Monday, July 16, 2012

ricotta stuffed zucchini blossoms + tomato salad.

I wait all year for the moment when I realize I am eating summer for dinner.  This usually happens in the middle of July, when the weather is oh so steamy and tomatoes are suddenly plentiful at the farmers market.  Dinner becomes a laid back alfresco affair complete with vodka cocktails infused with citrus, berry-filled desserts, and long conversations under tea lights that last until the mosquitoes become unbearable. 

I had my first perfect summer dinner this weekend.  I knew it was going to be perfect when I was at the farmers market on Thursday and came across the most adorable couple selling zucchini blossoms.  Zucchini blossoms are a very rare farmer’s market find.  Their season is super short (so sad) and they are very fragile which is why they are difficult to find. But, they are utterly delicious especially when stuffed with a ricotta mixture and gently fried.  I served them with the simplest of tomato salads and crusty Italian bread.  Summer never tasted so good.

Ricotta Stuffed Zucchini Blossoms

For the filling

12 zucchini blossoms (stamens removed gently!)
½ cup ricotta (not supermarket ricotta, the good local stuff!
1 tablespoon minced basil
¼ teaspoon red pepper flakes
1 tablespoon parmesan
Salt and pepper to taste

For the batter
Recipe adapted from Milk and Mode

Vegetable oil for frying
½ cup all-purpose flour
½ teaspoon kosher salt
6 oz lagerstyle beer or club soda (I used club soda)
Sea salt for finishing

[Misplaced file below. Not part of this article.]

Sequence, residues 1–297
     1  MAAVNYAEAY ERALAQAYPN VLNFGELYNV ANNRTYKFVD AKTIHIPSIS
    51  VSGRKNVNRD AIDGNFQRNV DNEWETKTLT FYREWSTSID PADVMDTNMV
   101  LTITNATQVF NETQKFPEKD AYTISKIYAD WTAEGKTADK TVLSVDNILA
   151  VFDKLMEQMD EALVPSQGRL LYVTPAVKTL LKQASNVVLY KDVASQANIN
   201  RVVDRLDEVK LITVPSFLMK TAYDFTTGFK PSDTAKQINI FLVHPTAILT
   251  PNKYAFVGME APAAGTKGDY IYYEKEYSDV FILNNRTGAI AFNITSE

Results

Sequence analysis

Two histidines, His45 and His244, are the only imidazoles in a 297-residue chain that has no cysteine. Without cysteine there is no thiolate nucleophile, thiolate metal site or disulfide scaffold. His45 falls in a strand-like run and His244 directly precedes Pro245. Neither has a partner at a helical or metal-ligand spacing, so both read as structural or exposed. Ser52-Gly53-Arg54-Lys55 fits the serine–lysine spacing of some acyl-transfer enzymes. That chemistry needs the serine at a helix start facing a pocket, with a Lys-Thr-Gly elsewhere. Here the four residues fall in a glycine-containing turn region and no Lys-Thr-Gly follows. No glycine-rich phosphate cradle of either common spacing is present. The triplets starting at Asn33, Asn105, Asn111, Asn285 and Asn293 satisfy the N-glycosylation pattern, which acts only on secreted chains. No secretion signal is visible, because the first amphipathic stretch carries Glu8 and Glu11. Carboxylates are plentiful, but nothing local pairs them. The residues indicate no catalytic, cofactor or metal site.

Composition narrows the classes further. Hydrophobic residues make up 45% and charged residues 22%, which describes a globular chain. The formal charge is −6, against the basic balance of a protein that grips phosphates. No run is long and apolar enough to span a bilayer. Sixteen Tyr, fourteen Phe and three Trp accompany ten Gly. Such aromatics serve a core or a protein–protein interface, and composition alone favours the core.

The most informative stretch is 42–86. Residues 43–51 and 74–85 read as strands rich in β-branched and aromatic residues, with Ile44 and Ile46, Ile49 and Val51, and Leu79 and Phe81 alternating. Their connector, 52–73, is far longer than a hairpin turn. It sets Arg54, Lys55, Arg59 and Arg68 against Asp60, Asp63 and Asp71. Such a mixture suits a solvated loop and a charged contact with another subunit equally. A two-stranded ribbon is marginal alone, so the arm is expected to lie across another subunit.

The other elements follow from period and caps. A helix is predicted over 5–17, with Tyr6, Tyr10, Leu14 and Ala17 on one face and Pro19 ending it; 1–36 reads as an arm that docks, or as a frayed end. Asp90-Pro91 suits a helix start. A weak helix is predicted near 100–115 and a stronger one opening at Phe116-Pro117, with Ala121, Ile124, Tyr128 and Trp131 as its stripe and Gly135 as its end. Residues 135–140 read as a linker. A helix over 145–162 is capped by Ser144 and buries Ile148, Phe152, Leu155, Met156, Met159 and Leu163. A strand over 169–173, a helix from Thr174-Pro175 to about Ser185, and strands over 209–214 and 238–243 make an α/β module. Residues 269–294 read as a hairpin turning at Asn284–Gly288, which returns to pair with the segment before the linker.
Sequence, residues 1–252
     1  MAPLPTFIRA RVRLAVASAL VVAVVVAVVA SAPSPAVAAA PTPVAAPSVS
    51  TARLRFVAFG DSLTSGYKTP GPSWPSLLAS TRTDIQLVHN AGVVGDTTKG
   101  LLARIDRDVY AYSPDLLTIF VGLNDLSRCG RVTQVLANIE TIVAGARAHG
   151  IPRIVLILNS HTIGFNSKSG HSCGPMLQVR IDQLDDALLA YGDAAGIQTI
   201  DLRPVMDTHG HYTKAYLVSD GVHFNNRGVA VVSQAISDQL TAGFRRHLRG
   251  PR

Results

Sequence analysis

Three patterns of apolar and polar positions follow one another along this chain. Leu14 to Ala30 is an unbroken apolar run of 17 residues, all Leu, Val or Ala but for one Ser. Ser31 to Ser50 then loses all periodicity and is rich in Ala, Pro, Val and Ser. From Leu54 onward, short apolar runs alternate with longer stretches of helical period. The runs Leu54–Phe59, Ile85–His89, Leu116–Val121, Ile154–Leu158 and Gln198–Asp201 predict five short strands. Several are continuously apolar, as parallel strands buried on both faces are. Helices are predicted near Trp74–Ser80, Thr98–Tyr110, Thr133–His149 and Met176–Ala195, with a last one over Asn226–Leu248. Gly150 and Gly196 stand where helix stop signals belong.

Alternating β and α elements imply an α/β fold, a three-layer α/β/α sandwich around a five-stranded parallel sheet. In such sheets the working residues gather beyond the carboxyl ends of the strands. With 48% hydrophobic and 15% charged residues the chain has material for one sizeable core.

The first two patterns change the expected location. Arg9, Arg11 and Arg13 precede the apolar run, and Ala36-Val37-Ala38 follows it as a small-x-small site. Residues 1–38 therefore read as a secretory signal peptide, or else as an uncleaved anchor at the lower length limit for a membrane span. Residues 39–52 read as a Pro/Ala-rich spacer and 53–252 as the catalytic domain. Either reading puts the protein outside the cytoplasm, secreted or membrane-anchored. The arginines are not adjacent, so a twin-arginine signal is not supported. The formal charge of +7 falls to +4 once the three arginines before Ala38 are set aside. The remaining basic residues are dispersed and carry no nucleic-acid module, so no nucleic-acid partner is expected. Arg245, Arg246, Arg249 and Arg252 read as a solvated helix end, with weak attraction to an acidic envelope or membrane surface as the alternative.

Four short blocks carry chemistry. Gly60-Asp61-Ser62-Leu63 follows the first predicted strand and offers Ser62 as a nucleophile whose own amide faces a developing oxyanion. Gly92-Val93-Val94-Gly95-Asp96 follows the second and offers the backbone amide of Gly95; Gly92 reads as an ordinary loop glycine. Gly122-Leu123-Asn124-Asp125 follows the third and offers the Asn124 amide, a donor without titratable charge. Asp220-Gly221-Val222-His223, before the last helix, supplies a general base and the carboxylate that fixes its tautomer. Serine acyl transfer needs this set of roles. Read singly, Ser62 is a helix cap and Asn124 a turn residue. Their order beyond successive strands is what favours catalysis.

In a small bowl combine the ricotta, basil, red pepper flakes, parmesan, and salt and pepper.  Taste and adjust seasonings if necessary.  Carefully open the blossoms and gently stuff about 1 ½ to 2 teaspoons of the ricotta mixture, place the blossoms to the side. 

In a large pot, heat about 2” oil over medium heat, until when you put a drizzle of water into the pot it begins to crackle. Combine flour and salt in a medium bowl, then whisk in beer until almost smooth (some lumps are ok, you don’t want to overwhisk as that will deflate the batter).  One by one, dredge the blossoms in batter, shaking off the excess; gently lay them in the oil, without crowding the pan.  Cook, flipping once with a slotted spoon, until golden brown, 2-3 minutes total.  Transfer to paper towels to drain.  Sprinkle with sea salt while hot.

Tomato Salad with Balsamic and Goat Cheese
Serves 2

2 large tomatoes (I used and heirloom and a yellow tomato), sliced in ½ inch thick slices
1 tablespoon olive oil
1 tablespoon balsamic vinegar
2 tablespoons goat cheese
1 tablespoon minced basil
Sea Salt and Black pepper

Arrange tomatoes on a platter in an overlapping pattern.  Drizzle tomatoes with olive oil and balsamic.  Scatter the basil and goat cheese over the tomatoes.  Sprinkle with sea salt and crushed black pepper.  Serve with crusty bread. 

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